Applications of this flap to different parts of the body are illustrated in later discussion through a few cases in Plastic Surgery, University of Florence Careggi University Hospital, Florence, Italy.

Reconstruction of defects in ulna

A 45-year-old man suffered an open fracture of the radius and ulna of the left forearm. A nonunion of the ulna fracture was initially treated by conventional corticocancellous bone graft from the iliac crest. The graft united with the proximal stump of the recipient bone, but a nonunion recurred distally ( Fig. 3 A ). An MFC corticoperiosteal flap was harvested from the contralateral knee, based on the DGA. Some parallel slots were made by saw on the inner surface of the graft ( Fig. 3 B) in order to make it foldable ( Fig. 3 C) and wrap it around the site of nonunion. The plate was stable and therefore left in place. There was radiologic evidence of successful union 3 months after surgery ( Fig. 3 D).

Fig. 3
( A ) Atrophic nonunion at the distal junction of a conventional corticocancellous bone graft in the ulna. ( B ) Parallel slots were made by saw on the inner surface of the graft in order to interrupt the cortex. ( C ) Subsequently, the flap was wrapped around the bone defect. ( D ) Bone healing 3 months postoperatively.

Clavicle reconstruction

A 52-year-old woman suffered an unstable nonunion after conservative treatment of a fracture of the left clavicle. Two attempts at reconstruction by means of autologous corticocancellous bone from the iliac crest failed over the following 3 years. When the patient was referred to the authors, radiographs showed atrophic nonunion of the clavicle. Movement at the glenohumeral joint was limited and painful. A reconstruction by means of corticocancellous MFC was performed, and a new locking compression plate was used to stabilize the graft ( Fig. 4 A ). The vascular pedicle was anastomosed to the thoracoacromial artery and vein. At 4 month follow-up, the patient was pain free and had recovered functional range of motion (ROM) at the affected shoulder. Radiographs showed union of the graft on both sides 6 months after surgery ( Fig. 4 B).

Fig. 4
A patient with nonunion of the left clavicle after several attempts of reconstruction with nonvascularized bone graft. ( A ) Preplating of the MFC with a locking compression plate. ( B ) Bone healing at 4 months.

Navicular bone reconstruction

A 63-year-old man underwent multiple attempts at reconstruction of the navicular bone of the right foot after traumatic loss of the bone. The last one was an implant of a synthetic spacer, which totally failed in providing stability to the mid foot ( Fig. 5 A ). The patient was not able to load on the foot and needed crutches to walk. After removal of the spacer ( Fig. 5 B) and aggressive debridement of the defect, the authors used a free medial condyle flap to achieve a stable fusion of the mid foot. The graft was harvested as a bone block with a redundant periosteal flap and tailored according to a wax template corresponding to the tridimensional defect ( Fig. 5 C). The oversize periosteal flap was able to overlap the junction with the tarsal bones and the graft stabilized with a single screw ( Fig. 5 D). An end-to-end anastomosis was performed with the anterior tibial artery. Full and pain-free weight-bearing was possible 3 months after surgery.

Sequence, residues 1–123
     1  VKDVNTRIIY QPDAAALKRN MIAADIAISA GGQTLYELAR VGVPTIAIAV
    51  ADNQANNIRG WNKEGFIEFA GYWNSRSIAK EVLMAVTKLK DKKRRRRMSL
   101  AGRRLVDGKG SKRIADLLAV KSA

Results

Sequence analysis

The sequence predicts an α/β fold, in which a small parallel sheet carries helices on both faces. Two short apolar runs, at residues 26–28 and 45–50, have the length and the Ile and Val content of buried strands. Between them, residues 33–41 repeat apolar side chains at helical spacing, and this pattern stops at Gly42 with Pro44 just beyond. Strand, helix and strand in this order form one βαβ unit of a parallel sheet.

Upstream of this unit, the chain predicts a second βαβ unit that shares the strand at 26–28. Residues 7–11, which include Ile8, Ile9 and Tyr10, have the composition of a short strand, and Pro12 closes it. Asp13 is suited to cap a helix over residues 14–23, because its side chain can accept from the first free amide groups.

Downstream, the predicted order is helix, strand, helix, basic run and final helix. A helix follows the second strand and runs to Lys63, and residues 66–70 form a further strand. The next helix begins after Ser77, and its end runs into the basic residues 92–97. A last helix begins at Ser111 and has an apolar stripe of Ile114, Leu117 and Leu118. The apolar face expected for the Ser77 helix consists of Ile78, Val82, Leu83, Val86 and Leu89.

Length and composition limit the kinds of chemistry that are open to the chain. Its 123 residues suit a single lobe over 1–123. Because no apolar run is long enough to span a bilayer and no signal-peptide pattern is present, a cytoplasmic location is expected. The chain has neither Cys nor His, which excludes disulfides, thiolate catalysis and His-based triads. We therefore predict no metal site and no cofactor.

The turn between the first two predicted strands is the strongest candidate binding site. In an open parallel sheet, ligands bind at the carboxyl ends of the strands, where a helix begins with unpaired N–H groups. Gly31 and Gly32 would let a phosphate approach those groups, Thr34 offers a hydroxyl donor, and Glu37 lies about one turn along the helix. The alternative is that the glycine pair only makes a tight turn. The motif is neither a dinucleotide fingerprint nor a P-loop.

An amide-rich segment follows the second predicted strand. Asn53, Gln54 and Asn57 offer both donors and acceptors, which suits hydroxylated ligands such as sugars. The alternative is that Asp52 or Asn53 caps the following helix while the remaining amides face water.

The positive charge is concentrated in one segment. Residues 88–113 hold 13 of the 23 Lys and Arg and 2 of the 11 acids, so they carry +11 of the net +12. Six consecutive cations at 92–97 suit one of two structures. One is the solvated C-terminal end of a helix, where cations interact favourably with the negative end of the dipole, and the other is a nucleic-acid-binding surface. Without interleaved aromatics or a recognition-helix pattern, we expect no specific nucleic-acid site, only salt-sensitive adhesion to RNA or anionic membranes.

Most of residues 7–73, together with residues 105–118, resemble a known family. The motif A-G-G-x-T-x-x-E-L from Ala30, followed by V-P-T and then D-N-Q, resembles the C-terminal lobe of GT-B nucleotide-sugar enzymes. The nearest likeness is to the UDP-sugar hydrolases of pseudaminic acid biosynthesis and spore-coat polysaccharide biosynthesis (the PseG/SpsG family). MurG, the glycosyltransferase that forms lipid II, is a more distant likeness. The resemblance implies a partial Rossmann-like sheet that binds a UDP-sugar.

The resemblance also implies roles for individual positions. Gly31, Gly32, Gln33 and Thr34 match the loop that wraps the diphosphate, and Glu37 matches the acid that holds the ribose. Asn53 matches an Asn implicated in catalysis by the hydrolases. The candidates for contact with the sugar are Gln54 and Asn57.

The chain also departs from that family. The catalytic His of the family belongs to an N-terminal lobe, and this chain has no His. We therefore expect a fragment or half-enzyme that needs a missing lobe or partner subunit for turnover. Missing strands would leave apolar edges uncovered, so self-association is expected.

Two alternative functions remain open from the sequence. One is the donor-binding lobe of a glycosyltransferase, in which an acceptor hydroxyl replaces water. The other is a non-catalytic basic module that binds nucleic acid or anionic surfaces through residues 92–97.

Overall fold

Fig. 5
( A ) Navicular bone loss. ( B ) The removal of a synthetic spacer previously implanted after traumatic navicular bone loss. ( C ) The MFC is tailored according to a 3-dimensional template of the defect. ( D ) The bone healing at 3 months.

Practical Tips and Comments on the Medial Femoral Condyle Transfer

The MFC probably represents the most useful innovation in vascularized bone grafts. Over its direct competitor, the iliac crest, MFC has shown several advantages in clinical practice, including the low morbidity at the donor site and easy dissection and possibility to customize the graft according to the defect. However, a drawback of the procedure is some anatomic variability of the pedicle, because in about 30% of cases the feeding pedicle is the superior medial genicular artery, which is quite short.

Current indications for MFC grafting are “difficult” small defects that need vascularized bone such as nonunions of the clavicle or the bones of forearm, hand, and foot and situations in maxillofacial surgery that depend on the ability of the thick periosteum to be colonized by the oral mucosa. Finally, the osteochondral version of the flap has opened up new perspectives in the reconstruction of the proximal pole of scaphoid and lunate.

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Nov 21, 2017 | Posted by in Dental Materials | Comments Off on Vascularized Small-Bone Transfers for Fracture Nonunion and Bony Defects